In Bayside, activists call to keep unwanted ads away from homes

Community activists gathered outside state Senator Tony Avella’s office Thursday afternoon to call for an extension of the state’s “cease-and-desist” law, which empowers Queens homeowners to prohibit unwanted solicitations from real estate brokers.

The original law, which expired in August 2014, allowed homeowners to register with New York’s Department of State on a list banning brokers from sending advertisements to the registered addresses.

Once the law expired, Avella stated, local property owners became inundated with “predatory real estate solicitations.” During the most recent legislative session, he introduced a bill extending the cease-and-desist law and strengthening it by expediting the registration process for homeowners. The bill would also designate Queens as a “non-solicitation zone” and double its length of protection to 10 years.

“These aren’t just nuisance fliers, but an aggressive campaign to bully homeowners into thinking it’s time to sell, and time to sell low,” Avella said. “We must bring back the common-sense law that expired last year and pass my real estate ‘cease-and-desist’ legislation.”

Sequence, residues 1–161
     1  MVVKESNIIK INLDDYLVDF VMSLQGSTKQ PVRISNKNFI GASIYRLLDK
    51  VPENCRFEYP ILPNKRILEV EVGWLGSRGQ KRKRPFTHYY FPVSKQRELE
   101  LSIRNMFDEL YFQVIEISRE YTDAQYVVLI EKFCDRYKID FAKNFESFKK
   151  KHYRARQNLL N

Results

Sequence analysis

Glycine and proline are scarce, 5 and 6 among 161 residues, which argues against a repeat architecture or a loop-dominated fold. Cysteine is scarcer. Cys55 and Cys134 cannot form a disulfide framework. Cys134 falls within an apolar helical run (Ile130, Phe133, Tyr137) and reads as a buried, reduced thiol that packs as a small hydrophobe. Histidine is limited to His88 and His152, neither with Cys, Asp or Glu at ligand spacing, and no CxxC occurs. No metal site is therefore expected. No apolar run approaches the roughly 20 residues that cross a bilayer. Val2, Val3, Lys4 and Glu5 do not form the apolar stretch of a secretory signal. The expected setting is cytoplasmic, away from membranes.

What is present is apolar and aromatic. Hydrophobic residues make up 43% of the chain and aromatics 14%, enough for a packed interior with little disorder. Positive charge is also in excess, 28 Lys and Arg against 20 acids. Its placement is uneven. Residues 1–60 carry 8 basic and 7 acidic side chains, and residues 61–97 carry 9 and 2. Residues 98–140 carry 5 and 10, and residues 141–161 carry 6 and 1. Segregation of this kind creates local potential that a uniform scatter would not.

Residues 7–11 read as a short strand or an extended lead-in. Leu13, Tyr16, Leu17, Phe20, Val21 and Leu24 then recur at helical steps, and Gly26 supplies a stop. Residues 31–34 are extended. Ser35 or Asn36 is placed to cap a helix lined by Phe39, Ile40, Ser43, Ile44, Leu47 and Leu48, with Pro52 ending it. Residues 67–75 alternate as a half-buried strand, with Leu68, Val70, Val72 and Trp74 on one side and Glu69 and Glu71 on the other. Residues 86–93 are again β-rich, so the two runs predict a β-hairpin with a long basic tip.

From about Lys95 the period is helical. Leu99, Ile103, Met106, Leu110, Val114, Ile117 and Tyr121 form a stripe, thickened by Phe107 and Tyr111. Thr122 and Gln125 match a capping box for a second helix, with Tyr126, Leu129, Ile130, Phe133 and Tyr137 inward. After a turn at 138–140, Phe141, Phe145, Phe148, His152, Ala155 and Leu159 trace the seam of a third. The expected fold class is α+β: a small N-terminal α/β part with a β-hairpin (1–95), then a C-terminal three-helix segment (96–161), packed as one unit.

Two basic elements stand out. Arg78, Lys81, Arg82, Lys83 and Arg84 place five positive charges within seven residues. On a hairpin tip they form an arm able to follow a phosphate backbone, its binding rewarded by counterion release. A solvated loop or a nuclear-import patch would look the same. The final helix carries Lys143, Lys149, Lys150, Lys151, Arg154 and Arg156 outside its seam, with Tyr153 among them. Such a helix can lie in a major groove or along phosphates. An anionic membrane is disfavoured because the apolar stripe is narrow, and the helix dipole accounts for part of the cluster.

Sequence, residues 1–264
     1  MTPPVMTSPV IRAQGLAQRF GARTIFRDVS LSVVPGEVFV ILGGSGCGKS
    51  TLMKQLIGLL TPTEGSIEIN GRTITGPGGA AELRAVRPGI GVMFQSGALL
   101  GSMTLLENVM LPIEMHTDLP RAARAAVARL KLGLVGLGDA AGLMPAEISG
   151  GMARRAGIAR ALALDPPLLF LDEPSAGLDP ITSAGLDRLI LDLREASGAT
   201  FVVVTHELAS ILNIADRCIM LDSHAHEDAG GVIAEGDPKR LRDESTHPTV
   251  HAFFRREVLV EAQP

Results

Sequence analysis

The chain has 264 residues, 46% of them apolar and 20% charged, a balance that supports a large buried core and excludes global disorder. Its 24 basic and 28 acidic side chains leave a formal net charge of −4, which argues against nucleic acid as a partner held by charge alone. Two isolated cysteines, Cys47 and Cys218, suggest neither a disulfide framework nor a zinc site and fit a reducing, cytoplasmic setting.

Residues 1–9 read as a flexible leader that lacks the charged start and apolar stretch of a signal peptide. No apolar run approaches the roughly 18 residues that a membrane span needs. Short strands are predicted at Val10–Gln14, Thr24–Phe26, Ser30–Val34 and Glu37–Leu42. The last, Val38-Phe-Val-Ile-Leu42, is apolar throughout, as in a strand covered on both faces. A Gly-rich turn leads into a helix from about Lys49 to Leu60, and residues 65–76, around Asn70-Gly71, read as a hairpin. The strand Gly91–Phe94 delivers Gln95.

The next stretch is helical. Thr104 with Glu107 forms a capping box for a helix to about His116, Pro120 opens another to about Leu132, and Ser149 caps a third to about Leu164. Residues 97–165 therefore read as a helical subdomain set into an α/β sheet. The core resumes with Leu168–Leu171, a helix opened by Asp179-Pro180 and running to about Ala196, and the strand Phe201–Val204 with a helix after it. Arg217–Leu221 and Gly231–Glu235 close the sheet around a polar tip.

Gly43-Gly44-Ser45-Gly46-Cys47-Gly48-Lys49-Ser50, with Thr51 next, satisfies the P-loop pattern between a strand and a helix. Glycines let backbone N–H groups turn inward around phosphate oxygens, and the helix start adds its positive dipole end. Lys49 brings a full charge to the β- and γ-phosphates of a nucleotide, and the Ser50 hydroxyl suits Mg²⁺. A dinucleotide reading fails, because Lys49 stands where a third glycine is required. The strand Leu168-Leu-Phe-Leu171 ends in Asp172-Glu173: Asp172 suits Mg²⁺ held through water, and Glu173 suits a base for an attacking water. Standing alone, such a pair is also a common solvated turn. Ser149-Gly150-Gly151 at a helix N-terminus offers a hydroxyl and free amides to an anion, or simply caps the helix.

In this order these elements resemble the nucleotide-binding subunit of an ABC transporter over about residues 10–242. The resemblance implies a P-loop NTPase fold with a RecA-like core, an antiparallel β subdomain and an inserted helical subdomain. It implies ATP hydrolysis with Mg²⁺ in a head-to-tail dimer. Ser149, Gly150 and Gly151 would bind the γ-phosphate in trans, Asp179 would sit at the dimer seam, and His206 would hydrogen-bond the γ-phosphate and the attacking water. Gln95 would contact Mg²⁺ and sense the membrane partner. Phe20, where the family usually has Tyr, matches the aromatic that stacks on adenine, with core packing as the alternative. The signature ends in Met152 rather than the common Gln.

Numerous civic activists in the area demonstrated their support for the legislation at Thursday’s press conference.

“Sometimes, the [brokers] are particularly aggressive and call or even visit the homeowners repeatedly to try to broker a deal,” Henry Euler of the Auburndale Improvement Association said. “The ads often promise that the homeowners can get huge amounts of money for their homes and give examples of homes in the neighborhood and what they are selling for or have sold for recently.”


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